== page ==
Peace Activists Asked To Leave Iraq Arrive In Jordan
Feb. 01, 1991
AMMAN, Jordan (AP) _ Iraqi troops forced members of an international peace group to leave the Iraqi-Saudi border, where they had been camping to protest the Persian Gulf War, according to activists who arrived here Friday.
''Some people wanted to stay behind and do silly things...So the Iraqi troops forced them into a bus with the others,'' said John Livesey, one of the organizers of the action by the Gulf Peace Team.
Jimmy Jones, a British spokesman for the group, said the 73 activists who spent 10 days at the border camp after the outbreak of the war were evacuated Sunday by Iraq.
Two days later, Iraqi troops crossed into Saudi Arabia and seized parts of the abandoned border town of Khafji, which it held for a day and a half before being forced out on Thursday by allied forces.
During the three days they spent in Baghdad, the activists said they saw many damaged civilian houses. Khairan Khan of Britain said she visited a Baghdad hospital ''which was operating without water or electricity.''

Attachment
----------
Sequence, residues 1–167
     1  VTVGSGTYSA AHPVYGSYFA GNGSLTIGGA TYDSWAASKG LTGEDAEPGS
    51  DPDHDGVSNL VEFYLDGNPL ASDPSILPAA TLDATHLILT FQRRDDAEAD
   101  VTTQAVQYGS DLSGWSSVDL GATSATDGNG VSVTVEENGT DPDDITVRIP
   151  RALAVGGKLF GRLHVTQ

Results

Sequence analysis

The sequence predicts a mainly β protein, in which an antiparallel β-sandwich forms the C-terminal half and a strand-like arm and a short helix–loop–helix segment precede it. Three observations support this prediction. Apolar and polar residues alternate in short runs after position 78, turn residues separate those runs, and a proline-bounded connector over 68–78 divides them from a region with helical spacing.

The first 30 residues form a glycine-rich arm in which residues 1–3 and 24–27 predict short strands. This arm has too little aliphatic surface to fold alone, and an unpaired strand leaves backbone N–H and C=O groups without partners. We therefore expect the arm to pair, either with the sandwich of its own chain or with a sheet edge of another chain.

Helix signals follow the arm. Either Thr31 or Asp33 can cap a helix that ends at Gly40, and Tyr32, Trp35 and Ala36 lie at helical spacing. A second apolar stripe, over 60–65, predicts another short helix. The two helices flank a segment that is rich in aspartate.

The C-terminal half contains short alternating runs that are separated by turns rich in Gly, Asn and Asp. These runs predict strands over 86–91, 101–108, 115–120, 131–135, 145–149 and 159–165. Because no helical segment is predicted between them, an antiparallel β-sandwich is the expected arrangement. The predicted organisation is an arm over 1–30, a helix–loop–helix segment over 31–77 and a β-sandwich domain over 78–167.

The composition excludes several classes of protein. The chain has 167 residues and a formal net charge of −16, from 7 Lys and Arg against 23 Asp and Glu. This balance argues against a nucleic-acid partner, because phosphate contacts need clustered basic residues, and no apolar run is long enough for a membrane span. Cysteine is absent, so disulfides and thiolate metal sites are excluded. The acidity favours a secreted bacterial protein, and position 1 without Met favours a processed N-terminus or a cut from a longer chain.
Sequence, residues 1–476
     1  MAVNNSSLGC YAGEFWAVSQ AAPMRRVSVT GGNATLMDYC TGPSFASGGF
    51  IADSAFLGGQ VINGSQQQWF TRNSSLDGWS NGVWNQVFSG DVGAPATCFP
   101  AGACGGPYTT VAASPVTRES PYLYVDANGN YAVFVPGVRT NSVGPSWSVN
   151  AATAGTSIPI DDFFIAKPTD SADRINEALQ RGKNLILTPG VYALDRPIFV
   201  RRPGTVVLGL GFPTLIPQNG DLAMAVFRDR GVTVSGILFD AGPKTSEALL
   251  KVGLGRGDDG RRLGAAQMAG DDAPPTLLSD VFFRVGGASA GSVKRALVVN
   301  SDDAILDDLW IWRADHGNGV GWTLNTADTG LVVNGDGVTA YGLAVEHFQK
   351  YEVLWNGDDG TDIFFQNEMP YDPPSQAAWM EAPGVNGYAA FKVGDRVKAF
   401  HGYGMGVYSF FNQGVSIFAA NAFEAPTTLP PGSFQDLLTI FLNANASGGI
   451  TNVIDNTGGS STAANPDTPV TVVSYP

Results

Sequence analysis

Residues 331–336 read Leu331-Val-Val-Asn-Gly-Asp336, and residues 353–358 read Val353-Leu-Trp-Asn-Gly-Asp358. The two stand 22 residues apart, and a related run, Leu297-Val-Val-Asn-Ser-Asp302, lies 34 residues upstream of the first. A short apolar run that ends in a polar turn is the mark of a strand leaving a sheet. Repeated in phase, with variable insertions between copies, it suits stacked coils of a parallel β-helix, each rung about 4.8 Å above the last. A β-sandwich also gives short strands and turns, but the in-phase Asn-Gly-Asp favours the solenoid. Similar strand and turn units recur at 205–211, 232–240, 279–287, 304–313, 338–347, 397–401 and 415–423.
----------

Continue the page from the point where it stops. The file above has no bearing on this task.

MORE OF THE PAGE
Members of the group said that while driving to the Jordanian border Thursday night they saw private cars and trucks burning along the desert highway. They said they saw about a dozen bomb craters in the highway, including one big enough to swallow a car.
The group held a news conference Friday to urge an immediate end to the war. ''We call upon people in our own country, the United States, and in other countries to seek a date for united world action against this war,'' said Kathleen Kelly of Chicago.
Livesey, of New Zealand, said the group was forced to leave because ''some members betrayed the trust placed in us by the Iraqi authorities.'' He said the renegade members planned unauthorized activities along the border, but he refused to say what these were.
After leaving the camp, the group was taken to Baghdad, where they spent three days waiting for transportation to Jordan.
The peace activists were from 15 countries in Europe, Asia, North America and Africa. Many said they had applied for visas to return to Iraq to assist ''in every way we can.''